It sounds like there’s some level of discomfort around sex that you and your husband both feel. One of the best ways to get more comfortable with sex in general is to talk about it more frequently. Sex shouldn’t be something you only talk about when things are going poorly. Try to have lots of small conversations about it. Whenever you see an article that intrigues you, send it over to him and ask for his thoughts. Read past sex advice columns to him out-loud and ask what advice he would give. If you see a sexy scene in a TV show or movie, tell your partner what you liked about it.
Masturbation offers you a great opportunity to practice being more connected in the moment. You’re literally connected to your body through touch. When you masturbate, try to really pay attention to what it feels like to touch yourself. Notice any thoughts, sensations, or feelings that come up for you. You can also play around with ways of feeling more like yourself when you masturbate. What are your favorite ways to touch yourself? How do you like to set the mood?
6. Set Yourselves Up For Success
It’s hard to feel present with each other if you’re distracted by your cell phones ringing, the pile of papers in the corner of the room, or thoughts of your to-do list. If you want to feel connected to your partner during sex, it helps to set the scene.
Clean your bedroom and remove all the clutter. Light some candles and dim the lights. Spend some time unwinding together. Keep in mind that you don’t have to take this step too seriously — sometimes a friendly wrestling match is a great way to get more relaxed!
7. Play Music
You’d be surprised by what a big effect music can have. Most people try to create “sexy” playlists that wind up feeling too over the top. Don’t put on the R&B jams if you’re more of a Motown kinda girl. Play music that actually makes you feel sexy or puts you in the mood. Bonus — music also helps fill in those awkward moments of silence.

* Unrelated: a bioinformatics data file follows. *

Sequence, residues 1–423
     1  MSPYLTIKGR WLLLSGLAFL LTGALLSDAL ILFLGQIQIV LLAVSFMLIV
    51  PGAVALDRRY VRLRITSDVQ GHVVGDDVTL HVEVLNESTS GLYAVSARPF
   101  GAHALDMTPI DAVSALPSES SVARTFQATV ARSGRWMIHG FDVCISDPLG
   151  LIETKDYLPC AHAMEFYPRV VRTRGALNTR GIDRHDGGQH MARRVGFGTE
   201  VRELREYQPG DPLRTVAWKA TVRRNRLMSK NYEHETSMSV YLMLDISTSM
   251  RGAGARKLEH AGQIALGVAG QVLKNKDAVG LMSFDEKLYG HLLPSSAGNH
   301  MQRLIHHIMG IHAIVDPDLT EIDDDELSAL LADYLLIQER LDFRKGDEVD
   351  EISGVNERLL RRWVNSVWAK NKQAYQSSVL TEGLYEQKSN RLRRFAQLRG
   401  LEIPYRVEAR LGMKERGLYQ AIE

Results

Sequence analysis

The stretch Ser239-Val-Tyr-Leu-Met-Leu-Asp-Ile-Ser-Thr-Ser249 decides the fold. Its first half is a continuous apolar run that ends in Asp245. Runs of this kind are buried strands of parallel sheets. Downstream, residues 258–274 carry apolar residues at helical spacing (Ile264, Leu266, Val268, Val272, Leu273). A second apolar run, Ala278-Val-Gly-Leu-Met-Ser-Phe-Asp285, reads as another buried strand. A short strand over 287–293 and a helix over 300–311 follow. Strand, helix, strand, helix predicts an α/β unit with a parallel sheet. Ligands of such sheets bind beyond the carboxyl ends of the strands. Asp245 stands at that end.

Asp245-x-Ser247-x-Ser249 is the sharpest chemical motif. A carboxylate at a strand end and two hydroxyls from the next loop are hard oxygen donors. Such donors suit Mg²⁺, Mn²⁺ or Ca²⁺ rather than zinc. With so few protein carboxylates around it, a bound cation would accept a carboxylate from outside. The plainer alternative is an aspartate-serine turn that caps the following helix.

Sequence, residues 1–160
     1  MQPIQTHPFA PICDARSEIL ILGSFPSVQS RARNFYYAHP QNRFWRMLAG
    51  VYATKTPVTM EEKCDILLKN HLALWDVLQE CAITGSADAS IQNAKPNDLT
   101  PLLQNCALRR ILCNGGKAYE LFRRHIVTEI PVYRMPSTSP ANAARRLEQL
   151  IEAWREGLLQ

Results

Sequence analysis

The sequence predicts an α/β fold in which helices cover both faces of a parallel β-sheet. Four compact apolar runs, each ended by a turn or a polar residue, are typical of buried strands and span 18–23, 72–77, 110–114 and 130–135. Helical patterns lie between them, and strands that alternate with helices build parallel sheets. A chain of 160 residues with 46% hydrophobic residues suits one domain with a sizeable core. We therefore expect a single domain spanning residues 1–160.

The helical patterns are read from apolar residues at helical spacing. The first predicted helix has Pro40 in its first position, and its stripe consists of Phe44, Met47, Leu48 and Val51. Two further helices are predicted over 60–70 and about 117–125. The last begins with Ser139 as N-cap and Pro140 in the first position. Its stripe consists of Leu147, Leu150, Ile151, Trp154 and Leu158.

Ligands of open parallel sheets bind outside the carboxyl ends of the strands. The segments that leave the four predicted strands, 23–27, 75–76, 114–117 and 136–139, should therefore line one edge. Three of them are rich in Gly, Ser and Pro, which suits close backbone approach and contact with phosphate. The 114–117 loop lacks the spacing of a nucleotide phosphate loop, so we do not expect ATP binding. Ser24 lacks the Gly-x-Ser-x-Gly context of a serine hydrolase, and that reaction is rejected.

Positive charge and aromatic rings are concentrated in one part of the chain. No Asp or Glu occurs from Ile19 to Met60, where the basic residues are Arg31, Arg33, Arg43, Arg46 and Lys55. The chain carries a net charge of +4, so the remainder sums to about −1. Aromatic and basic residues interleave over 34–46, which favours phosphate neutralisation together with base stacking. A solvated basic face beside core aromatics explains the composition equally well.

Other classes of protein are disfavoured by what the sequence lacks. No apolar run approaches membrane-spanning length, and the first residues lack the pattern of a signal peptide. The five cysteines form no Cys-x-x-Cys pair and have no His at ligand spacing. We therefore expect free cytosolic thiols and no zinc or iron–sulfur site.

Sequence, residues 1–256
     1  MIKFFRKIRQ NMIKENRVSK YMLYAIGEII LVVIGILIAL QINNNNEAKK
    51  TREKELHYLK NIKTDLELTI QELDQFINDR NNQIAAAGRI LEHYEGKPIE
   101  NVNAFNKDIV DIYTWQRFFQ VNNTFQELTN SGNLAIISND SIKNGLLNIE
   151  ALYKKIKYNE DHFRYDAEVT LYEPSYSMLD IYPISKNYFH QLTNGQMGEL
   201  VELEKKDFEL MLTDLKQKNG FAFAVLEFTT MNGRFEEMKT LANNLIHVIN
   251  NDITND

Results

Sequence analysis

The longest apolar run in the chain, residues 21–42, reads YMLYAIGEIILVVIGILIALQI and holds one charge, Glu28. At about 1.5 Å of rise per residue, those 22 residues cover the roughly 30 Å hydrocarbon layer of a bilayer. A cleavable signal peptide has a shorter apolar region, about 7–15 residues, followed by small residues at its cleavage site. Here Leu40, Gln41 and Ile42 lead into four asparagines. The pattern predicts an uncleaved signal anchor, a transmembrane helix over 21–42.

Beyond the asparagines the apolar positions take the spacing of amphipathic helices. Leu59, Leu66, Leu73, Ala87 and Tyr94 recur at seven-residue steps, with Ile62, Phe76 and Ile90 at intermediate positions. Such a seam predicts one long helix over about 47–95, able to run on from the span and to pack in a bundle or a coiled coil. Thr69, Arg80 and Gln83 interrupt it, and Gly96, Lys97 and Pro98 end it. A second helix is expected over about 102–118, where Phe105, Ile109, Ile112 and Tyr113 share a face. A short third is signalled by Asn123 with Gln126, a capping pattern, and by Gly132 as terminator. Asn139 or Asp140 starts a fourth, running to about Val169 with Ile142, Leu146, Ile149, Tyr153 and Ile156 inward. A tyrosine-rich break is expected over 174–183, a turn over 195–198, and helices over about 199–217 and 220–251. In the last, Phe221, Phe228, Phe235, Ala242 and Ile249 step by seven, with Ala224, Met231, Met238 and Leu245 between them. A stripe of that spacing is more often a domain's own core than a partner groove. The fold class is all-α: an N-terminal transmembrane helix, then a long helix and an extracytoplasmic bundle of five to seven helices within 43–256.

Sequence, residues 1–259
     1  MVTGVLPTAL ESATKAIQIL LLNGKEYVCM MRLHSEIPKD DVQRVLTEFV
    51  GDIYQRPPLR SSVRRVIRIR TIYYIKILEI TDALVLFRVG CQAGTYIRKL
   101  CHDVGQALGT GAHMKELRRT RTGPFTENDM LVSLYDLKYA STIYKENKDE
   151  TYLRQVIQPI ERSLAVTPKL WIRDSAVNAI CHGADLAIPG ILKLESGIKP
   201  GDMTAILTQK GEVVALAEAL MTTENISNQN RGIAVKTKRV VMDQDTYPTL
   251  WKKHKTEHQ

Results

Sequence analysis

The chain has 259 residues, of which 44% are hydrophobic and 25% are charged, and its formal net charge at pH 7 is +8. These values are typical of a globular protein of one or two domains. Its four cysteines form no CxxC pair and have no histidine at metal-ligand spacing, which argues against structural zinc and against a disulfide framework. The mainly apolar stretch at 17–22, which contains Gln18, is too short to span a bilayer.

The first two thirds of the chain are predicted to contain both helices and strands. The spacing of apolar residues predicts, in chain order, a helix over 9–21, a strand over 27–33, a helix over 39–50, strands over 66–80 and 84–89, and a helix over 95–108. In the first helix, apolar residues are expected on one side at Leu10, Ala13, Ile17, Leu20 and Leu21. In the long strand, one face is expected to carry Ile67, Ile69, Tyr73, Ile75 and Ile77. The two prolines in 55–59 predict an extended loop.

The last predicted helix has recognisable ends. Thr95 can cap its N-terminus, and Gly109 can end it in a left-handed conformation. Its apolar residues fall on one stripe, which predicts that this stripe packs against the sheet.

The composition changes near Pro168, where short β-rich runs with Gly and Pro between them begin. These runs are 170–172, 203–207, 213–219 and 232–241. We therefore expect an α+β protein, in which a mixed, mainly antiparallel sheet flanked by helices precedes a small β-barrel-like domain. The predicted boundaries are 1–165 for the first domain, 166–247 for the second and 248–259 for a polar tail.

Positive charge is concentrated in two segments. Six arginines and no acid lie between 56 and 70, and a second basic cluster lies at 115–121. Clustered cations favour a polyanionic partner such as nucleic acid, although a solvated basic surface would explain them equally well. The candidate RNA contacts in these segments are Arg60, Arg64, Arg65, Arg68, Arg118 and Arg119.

8. Keep The Conversation Going In The Bedroom
Hopefully all of the little conversations about sex outside of the bedroom will make it easier to talk while you’re actually having sex. You don’t need to have a full-blown conversation mid-thrust, but it helps to give each other little compliments or pieces of feedback. Even simple things like, “I love you,” “that feels so good,” or “hey there” (said with a sexy smile) can help you feel more connected to each other. This is another thing that doesn’t need to be so serious. Call him by a silly nickname or remind him of an inside joke.
9. Make Eye Contact
One of the fastest, most effective ways of feeling connected in the moment is to make eye contact. So many couples avoid eye contact during sex because it can feel so intimate and vulnerable. But that’s precisely what you need to feel connected. Try catching your partner's eye and giving him a little smile.
10. Expect An Ebb And Flow
Throughout all of this, it’s important to have reasonable expectations. It’s tricky to stay connected the entire time, every time during sex. Your mind naturally wanders. Vulnerable moments inevitably come up. As long as your overall experience is positive, it’s OK to have moments of disconnect.
11. Remember To Laugh
Let’s face it — sometimes sex is just plain awkward! Someone will fart, a position will feel weird, he’ll slip out, or the cat will pounce on you. Don’t freak out if you have an awkward moment. Sometimes the best thing you can do to regain your connection in the moment is to giggle with each other and keep truckin.’
Images: Bustle; Giphy